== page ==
** High heat curling irons or blow dryers: If your hair is already fried and dried out, the last thing you want to do, is add more heat to it. Give it a break! Opt for traditional soft, leave in curlers for a more gentle curling solution. Or, try scrunching hair, instead. Allow hair to dry naturally whenever possible. And, never rub, twist or brush your hair while it's wet.

** Direct sunlight, or tanning beds** Bleached, permed and color treated hair is especially susceptible to the damaging effects of the suns UV rays.

The sun's rays can be just as destructive to your hair as any chemical bleaching solution. Protect your hair with a cap, hat or scarf whenever going outdoors.

And, most importantly, be kind to your hair. Cherish it. Let it be your greatest beauty asset! With a few simple adjustments to your daily styling routine, you can have it all...a great hair style (or color) and gorgeous, manageable hair that makes you the envy of everyone you meet.

About the Author
Beverly Johnson--- For more beauty tips on acheiving salon gorgeous hair, and flawless skin; free health and beauty samples, quick ways to lose weight and get rid of cellulite, go to: or Enhance your romantic experience at Passionate Kisses with creamy lotions, massage oils, sensual lingerie, go to: for more

Sunday, January 29, 2006

Get Focused, Get What You Want

Not all that long ago, I was going through a very difficult time in my life. I felt like my career was in chaos - out of control. I didn't know exactly what I wanted to do or how to even figure it out. My mind felt so scattered. Whenever I tried to set goals, I didn't even know where to begin. I couldn't see the light at the end of the tunnel.

I was speaking to a friend about my chaotic mind and she said something very simple to me. She said "It starts with you Jenn. Things are chaotic because your thoughts are chaotic. If you want this to change, it's simple. Change within. Once you stop being chaotic on the inside, things will come into focus on the outside."

That was the turning point. She was right. I needed to simply decide what I wanted to do, and set things in motion to get it done. Sounds impossibly simple, right?

It is! Our outside world, is a direct reflection of what is going on inside of us. If your thoughts are scattered and unsure, they will create uncertainty.

For example, is there an area of your life that you want to change, but you just can't seem to make a change happen? Take a look at your thoughts, and where you are focusing your energy. Energy flows where attention goes. So if your attention is scattered and unfocused, you won't be able to put focused energy toward anything.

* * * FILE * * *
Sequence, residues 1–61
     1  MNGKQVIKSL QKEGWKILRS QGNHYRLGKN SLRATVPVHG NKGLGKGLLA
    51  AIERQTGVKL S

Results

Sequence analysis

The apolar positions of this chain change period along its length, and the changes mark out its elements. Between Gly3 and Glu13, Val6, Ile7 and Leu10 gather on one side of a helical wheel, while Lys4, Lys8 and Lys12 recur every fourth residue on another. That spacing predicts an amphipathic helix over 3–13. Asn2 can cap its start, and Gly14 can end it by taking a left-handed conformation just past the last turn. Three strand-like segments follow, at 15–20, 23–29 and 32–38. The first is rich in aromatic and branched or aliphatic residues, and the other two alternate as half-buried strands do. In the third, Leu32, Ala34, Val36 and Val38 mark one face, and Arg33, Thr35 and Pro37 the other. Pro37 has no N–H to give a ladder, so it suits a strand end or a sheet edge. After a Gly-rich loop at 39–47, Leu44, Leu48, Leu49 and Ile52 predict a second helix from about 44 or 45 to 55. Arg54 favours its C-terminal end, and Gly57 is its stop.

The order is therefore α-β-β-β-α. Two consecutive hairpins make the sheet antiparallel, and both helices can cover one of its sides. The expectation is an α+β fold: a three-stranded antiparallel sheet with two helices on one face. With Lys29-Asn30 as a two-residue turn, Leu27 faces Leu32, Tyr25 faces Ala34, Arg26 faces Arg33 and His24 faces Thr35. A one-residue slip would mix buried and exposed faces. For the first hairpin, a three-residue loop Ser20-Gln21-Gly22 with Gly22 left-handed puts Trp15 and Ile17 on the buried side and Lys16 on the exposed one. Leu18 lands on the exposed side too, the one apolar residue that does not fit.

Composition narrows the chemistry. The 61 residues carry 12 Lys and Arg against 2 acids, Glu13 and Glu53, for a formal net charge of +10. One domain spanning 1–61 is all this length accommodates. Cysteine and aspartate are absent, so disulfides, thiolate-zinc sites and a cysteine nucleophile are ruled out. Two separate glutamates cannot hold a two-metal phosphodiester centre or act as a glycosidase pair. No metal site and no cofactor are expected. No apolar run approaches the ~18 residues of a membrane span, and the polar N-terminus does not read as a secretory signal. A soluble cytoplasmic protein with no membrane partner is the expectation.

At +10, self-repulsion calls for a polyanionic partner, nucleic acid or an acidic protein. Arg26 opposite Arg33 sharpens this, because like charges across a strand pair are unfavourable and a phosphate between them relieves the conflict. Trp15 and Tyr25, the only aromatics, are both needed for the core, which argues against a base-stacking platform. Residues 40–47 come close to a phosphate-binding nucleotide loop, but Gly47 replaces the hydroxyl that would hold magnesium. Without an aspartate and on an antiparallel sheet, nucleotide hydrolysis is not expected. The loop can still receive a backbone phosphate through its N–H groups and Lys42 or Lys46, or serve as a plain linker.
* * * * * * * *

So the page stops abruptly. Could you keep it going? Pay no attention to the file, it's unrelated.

Once you clear your mind and focus on what you want, your energy has a clear path to flow in that direction.

Ask yourself, "what direction do I want to go?" Answer that question clearly and precisely and you will have a starting point. Once you have a clear starting point, you will begin to see possibilities opening up in front of you.

Exercise Think about a situation in your life that you want to change. Write an in-depth description of the situation. Look over your written description. Do you have a focused, clear picture of the situation, or are your thoughts going in different directions regarding the situation? Write down your answers to these questions: Why do you want to change the situation? What ideas do you have to change the situation? Are your ideas working? If not, are you putting action behind your ideas?

The "why" behind changing the situation should be your motivating factor. If your why isn't strong enough, you won't be motivated to change. For example, when I started my own business, my "why" was so that I could have a flexible schedule to be available for my daughter. That is a very strong why for me and very motivating. Your why should be enough to spark action.

The other important thing to look at in this exercise is the action you are taking. You can want to change your situation very much, but without action, you will continue to create the exact same situation. Ask yourself "what small action can I take right now to take control of this situation and begin changing it?" Any action, no matter how small, will get your energy moving in the direction of the change you wish to create.

Your thoughts are very powerful. Get them focused, get them in line with the changes you wish to create, and you can do amazing things!

About the Author
Jenn Givler is an Empowerment Coach who helps women entrepreneurs and women on the verge of entrepreneurship gain clarity about their business and exceed their business goals. Get her free e-book Be Empowered!